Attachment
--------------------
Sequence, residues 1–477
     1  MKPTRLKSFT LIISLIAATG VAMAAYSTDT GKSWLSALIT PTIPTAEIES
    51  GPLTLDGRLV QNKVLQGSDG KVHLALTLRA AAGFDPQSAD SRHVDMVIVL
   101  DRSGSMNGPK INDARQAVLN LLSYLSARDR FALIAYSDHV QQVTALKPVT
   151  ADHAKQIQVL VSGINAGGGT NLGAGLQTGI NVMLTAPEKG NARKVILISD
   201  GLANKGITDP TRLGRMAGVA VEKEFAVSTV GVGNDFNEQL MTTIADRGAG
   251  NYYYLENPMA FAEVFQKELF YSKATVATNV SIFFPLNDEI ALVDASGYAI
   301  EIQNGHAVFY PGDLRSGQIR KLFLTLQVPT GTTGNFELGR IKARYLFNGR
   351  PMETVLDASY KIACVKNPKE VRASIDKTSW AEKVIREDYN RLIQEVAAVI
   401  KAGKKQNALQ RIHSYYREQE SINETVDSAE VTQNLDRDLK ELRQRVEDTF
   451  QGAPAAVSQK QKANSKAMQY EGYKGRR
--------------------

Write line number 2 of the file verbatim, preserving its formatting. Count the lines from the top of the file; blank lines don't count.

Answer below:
     1  MKPTRLKSFT LIISLIAATG VAMAAYSTDT GKSWLSALIT PTIPTAEIES